Today, the Treasury Department issued a General License authorizing transactions and activities concerning information technology products in the Russian Federation despite recent executive order prohibiting such transactions.
In April 1, 2015, President Obama issued Executive Order 13694 (“Blocking the Property of Certain Persons Engaging in Significant Malicious Cyber-Enabled Activities”). In short summary, this order blocked any property or interests in property that is in the US, ends up in the US, or that come within the possession or control of any US persons, if such persons end up being responsible, complicit or supportive of cyber-enabled activities that (1) have the purpose of causing harm or risk to the critical infrastructure sector and are reasonably likely to result in or material contribute to threats to national security, foreign policy or economic heal or financial stability; or (2) the knowing receipt or use by a commercial entity outside or the United States, for commercial or competitive advantage or private financial gain, of trade secrets misappropriate by cyber-enabled means.
On December 28, 2016, following reports regarding the Russian hacking of Democratic political organizations and operatives, President Obama issued Order 13757 (“Taking Additional Steps to Address the National Emergency With Respect to Significant Malicious Cyber-Enabled Activities”) to amend Order 13694. This amendment included an Annex blocking certain entities and individuals, including the Federal Security Services (a.k.a. Federalnaya Sluzhba Bezopasnosti, or “FSB”),but also authorizing the Secretary of Treasury, in consultation with the Attorney General and the Secretary of State, to determine “that circumstances no longer warrant the blocking of the property and interested in property of a person listed in the Annex to this order, and to take necessary action to give effect to that determinations.” The Russian FSB represents Russia’s domestic security service, and must approve certain encrypted technology imports to Russia per domestic law.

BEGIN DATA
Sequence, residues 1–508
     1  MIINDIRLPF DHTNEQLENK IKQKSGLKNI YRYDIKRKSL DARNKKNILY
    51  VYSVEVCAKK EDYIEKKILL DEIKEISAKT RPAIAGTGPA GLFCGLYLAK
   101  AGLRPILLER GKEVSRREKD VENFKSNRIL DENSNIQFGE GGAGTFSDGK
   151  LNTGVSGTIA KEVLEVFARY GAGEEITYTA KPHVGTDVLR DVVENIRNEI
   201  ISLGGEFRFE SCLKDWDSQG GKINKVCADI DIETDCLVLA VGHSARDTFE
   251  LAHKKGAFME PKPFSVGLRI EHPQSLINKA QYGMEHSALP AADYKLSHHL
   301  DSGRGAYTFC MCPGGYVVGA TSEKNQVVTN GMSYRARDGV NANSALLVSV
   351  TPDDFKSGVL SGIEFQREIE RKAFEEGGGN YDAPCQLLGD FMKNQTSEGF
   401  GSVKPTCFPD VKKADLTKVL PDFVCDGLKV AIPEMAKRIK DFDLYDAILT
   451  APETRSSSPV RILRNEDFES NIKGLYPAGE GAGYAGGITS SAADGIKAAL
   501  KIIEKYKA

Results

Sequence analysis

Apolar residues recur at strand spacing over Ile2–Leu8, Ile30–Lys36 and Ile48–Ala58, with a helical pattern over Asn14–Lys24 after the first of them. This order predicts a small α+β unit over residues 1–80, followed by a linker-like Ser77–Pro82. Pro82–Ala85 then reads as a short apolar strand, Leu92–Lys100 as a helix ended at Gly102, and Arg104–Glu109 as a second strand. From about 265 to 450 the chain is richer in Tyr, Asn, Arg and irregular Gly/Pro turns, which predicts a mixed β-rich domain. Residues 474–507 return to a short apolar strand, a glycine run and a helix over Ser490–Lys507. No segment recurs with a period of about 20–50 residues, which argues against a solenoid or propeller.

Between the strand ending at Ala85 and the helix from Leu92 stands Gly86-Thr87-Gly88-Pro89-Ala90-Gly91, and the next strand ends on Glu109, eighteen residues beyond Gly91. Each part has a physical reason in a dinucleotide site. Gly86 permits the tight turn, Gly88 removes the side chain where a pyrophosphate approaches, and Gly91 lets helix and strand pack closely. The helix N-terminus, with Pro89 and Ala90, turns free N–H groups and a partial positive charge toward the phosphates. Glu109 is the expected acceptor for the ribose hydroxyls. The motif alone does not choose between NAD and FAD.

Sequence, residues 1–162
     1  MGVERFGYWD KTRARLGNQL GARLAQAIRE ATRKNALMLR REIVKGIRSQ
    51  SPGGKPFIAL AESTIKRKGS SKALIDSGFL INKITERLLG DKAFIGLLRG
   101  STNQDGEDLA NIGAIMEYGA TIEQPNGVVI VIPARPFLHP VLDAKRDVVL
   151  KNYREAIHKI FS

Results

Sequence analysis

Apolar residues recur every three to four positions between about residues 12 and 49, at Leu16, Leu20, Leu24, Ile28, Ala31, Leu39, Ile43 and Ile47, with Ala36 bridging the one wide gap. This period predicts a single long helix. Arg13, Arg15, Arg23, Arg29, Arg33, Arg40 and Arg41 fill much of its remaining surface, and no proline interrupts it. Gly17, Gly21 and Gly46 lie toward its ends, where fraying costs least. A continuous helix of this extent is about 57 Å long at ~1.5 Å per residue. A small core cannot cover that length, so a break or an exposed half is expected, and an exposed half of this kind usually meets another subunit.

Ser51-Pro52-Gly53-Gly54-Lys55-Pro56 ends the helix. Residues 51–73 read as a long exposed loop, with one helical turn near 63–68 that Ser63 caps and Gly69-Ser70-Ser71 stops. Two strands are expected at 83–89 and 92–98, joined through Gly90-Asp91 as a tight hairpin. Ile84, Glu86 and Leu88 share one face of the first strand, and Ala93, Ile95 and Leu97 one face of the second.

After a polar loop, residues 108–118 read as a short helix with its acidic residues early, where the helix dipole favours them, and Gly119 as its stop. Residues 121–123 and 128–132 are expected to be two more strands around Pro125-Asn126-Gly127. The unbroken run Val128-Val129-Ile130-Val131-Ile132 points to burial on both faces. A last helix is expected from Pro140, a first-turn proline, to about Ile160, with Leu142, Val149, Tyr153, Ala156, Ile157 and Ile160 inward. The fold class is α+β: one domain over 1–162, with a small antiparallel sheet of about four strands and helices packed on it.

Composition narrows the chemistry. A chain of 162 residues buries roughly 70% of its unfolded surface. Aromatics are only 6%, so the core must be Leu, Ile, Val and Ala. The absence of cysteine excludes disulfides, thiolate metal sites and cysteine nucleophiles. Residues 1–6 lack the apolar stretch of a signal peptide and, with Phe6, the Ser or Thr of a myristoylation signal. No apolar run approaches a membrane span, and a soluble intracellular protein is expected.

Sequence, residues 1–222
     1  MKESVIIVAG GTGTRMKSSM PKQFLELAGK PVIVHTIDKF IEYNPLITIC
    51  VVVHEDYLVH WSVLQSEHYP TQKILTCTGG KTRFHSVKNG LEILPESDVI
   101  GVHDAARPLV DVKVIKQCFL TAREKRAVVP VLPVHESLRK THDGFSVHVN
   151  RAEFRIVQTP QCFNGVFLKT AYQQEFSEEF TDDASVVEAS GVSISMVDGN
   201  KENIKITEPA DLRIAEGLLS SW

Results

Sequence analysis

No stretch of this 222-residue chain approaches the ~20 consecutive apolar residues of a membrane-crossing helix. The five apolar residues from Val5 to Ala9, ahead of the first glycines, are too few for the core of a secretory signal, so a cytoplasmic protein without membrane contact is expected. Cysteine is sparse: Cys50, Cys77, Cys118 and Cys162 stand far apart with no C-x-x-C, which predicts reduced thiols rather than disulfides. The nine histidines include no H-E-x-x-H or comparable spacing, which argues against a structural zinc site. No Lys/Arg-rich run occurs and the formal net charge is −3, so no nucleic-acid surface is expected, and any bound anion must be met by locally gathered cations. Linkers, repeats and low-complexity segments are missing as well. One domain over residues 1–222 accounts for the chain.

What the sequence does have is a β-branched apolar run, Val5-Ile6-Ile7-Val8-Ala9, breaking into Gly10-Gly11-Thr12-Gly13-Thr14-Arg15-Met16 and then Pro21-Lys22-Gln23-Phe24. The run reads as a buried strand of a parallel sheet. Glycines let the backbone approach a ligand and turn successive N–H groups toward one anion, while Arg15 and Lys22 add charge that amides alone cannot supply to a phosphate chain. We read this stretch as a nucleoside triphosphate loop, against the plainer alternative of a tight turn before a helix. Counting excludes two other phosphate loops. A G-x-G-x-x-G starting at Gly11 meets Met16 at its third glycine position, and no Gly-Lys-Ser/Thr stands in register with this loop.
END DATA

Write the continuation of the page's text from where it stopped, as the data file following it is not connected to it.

Today, however, the Treasury exercised its right in Section 10 by authorizing American tech companies to seek licenses from Russia’s FSB to export their good to Russia, so long as the products are not used in Crimea and do not violate pre-existing sanctions. Despite claims that the Trump administration is “easing sanctions against Russia”, White House press secretary Sean Spicer claimed in today’s press conference that the Treasury Department’s actions were not “easing sanctions”, and that it is “a fairly common practice of the Treasury Department, after sanctions are put in place, to go back and to look at whether or not there needs to be specific carve-outs for either industries or products and services that need to be going back and forth.” Other experts agreed that the OFAC’s amendment is likely an intention to clean up unintended consequences of the ban through limited carveouts rather than relaxing sanctions.